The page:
grants—foreign correspondents and representatives of foreign corporations, for example. If the comparison were made solely with immigrants in the overall population, the proportions of immigrants among American Nobel laureates would be even more striking.

Immigrants in the United States are represented in all of the fields for which Nobel prizes are awarded. The percentage of U.S. prizewinners who are immigrants includes 26 percent for chemistry, 32 percent for physics, 31 percent for physiology or medicine, 31 percent for economics, and, perhaps surprisingly, 27 percent for literature.13

In the United States, two of the highest honors for a scientist or engineer are election to the National Academy of Sciences and the National Academy of Engineering, in recognition of distinguished contributions. The procedures for election involve nomination by an Academy member, with supporting references from several other members, and election at an annual meeting.

The National Academy of Sciences currently has 1,838 members, who represent a wide variety of fields in the physical, biological, and social sciences.14 As of July 1996, 391, or 21 percent, of the members were foreign-born. The National Academy of Engineering currently has 1,953 members, of whom 245, or 14 percent, are foreign-born.15 Thus, immigrant scientists and engineers are represented in substantial numbers in both academies of science and engineering.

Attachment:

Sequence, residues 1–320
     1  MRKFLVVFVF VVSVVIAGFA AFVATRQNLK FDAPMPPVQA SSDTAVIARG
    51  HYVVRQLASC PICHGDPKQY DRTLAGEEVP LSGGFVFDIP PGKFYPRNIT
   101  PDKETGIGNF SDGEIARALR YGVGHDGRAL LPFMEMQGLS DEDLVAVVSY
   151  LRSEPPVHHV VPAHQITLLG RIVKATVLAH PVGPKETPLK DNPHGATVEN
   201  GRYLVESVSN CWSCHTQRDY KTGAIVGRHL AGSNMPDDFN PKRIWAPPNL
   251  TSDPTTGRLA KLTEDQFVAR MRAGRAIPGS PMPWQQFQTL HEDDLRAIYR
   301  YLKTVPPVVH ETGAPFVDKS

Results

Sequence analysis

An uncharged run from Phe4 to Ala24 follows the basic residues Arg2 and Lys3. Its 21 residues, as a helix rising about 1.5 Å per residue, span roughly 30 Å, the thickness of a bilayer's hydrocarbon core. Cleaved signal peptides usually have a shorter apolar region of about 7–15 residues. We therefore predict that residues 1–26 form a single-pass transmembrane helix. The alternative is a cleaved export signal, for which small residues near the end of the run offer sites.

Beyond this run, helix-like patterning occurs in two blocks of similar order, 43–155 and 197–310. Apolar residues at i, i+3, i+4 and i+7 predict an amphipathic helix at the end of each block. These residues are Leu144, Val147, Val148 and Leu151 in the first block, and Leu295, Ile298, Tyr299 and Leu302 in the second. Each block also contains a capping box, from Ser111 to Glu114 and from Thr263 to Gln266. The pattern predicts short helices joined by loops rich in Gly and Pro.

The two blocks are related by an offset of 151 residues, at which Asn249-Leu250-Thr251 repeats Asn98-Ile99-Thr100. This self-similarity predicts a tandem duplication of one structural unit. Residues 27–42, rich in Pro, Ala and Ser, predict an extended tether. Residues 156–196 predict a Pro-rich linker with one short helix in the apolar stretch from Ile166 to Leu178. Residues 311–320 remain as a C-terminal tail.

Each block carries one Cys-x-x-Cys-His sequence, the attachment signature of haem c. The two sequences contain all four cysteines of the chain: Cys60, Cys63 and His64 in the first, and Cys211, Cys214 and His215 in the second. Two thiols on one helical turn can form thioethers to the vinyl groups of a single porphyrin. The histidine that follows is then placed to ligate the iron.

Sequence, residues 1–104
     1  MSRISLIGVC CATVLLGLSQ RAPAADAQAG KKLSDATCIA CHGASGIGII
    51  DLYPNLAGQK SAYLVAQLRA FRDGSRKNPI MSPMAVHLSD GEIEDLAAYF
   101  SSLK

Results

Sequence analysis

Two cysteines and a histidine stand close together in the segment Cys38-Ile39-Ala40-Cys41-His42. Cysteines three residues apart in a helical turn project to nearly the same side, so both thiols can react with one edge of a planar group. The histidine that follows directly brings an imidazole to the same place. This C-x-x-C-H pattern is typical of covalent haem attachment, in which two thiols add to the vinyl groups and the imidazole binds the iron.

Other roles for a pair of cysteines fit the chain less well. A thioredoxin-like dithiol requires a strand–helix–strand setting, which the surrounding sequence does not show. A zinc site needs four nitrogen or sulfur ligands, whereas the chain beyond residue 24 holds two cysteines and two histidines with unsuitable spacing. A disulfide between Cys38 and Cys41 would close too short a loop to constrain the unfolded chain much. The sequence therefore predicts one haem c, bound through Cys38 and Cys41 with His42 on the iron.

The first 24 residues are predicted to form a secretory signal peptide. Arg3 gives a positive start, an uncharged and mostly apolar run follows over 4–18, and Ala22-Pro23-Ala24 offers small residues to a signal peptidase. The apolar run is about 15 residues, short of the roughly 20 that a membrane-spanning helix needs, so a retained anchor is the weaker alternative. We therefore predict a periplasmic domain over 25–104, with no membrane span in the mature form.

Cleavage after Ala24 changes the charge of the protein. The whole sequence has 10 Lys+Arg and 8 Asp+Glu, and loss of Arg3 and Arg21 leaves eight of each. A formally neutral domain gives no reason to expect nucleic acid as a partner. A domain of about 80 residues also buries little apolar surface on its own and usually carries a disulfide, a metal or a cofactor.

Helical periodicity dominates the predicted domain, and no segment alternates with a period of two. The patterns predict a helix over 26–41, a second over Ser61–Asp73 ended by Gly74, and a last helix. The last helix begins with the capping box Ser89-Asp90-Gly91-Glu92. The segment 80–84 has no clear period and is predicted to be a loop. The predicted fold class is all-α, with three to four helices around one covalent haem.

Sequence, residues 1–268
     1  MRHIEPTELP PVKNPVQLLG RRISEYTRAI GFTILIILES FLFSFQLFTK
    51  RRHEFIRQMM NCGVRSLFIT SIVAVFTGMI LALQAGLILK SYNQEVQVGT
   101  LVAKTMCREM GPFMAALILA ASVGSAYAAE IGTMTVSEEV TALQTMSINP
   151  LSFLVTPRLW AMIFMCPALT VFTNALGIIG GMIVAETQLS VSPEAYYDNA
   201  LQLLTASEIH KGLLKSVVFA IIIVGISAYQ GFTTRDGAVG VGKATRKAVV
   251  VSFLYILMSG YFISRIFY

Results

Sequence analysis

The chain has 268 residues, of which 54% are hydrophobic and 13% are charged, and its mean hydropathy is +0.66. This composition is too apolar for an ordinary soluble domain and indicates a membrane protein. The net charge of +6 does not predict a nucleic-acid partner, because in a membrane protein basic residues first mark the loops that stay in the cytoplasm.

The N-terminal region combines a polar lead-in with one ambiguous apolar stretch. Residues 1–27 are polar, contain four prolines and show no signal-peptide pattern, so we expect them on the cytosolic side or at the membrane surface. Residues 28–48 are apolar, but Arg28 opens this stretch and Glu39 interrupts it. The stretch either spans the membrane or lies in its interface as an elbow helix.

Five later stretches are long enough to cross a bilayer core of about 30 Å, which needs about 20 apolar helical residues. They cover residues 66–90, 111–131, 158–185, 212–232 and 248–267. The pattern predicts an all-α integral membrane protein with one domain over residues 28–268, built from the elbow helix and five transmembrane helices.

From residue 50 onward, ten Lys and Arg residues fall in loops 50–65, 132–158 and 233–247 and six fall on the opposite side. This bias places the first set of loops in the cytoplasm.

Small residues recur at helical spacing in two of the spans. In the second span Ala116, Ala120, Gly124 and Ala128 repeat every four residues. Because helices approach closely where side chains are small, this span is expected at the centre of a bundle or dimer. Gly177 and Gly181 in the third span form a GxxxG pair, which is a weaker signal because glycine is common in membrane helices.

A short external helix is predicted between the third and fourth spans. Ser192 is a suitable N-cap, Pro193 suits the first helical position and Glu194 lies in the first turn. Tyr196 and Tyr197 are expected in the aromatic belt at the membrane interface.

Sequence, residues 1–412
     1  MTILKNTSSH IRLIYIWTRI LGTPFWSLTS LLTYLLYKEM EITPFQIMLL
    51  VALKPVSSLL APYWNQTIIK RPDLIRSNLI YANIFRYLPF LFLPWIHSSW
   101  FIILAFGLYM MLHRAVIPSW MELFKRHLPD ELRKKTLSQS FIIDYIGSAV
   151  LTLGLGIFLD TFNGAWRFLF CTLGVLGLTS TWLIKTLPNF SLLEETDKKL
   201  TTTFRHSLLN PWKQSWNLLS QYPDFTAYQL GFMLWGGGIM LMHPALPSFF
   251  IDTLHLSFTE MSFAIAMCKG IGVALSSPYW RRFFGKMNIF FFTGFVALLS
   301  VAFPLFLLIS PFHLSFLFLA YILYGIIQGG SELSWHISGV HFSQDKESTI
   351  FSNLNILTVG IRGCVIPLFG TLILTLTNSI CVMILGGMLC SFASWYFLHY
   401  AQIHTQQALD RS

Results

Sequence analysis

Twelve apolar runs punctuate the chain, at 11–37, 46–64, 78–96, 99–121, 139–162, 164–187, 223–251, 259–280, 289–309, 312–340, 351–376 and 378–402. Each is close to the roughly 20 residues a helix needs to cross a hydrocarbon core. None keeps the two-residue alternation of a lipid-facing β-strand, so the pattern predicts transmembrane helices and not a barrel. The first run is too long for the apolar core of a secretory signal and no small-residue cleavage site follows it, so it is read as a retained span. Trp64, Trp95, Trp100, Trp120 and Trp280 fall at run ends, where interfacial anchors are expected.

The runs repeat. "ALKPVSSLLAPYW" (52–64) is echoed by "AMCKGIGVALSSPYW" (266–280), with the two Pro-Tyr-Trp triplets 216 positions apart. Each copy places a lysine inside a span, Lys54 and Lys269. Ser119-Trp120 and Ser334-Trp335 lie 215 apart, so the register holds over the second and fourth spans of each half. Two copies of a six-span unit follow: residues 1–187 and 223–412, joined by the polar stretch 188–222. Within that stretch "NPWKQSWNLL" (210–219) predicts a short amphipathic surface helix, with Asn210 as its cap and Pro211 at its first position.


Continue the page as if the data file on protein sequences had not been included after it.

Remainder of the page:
Kennedy Center honors are given annually to persons who throughout their lifetimes have made significant contributions to American culture through the performing arts. Recipients need not be U.S. citizens; information is available on place of birth but not on immigration status. Of the 90 recipients from 1978, when the award was first given, to 1994, 22—that is, almost one-fourth—are foreign-born. Those recognized have made contributions not only to universal culture, as in music, but also to something largely, often quintessentially, American. Winners include Gregory Peck and Aretha Franklin and, among the immigrants, Claudette Colbert from France, Cary Grant from England, and a true American icon, Bob Hope from England.16 Again, that immigrants account for 24 percent of the honorees indicates an overrepresentation of immigrants in the ranks of celebrated American achievers.

Immigrant participation in professional sports varies considerably. At one extreme, only 48 of 1,756 players in the 1996 season of the National Football


Eleven Nobel prizes for literature have been awarded to residents of the United States. Of these eleven, three were to immigrants, including Isaac Bashevis Singer, from Poland, in 1978; Czeslaw Milosz, from Lithuania, in 1980; and Joseph Brodsky, from Russia, in 1987.


There are also 306 foreign associate members who are excluded from these numbers. The 1,838 members are active or emeritus members in the United States.


There are 146 foreign associate members who are excluded from these numbers.


Examples of recipients who have made contributions to culture beyond anything specifically American include musicians such as Eugene Ormandy and Sir Georg Solti, both from Hungary.

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